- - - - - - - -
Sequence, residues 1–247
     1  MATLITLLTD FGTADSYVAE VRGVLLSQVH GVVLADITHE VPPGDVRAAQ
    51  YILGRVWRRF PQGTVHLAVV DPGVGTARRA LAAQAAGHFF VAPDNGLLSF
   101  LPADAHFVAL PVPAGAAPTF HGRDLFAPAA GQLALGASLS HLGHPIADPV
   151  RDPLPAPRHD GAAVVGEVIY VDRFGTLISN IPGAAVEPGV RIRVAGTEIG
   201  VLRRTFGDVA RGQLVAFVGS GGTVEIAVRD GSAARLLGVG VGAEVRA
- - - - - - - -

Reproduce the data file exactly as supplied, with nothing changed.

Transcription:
Sequence, residues 1–247
     1  MATLITLLTD FGTADSYVAE VRGVLLSQVH GVVLADITHE VPPGDVRAAQ
    51  YILGRVWRRF PQGTVHLAVV DPGVGTARRA LAAQAAGHFF VAPDNGLLSF
   101  LPADAHFVAL PVPAGAAPTF HGRDLFAPAA GQLALGASLS HLGHPIADPV
   151  RDPLPAPRHD GAAVVGEVIY VDRFGTLISN IPGAAVEPGV RIRVAGTEIG
   201  VLRRTFGDVA RGQLVAFVGS GGTVEIAVRD GSAARLLGVG VGAEVRA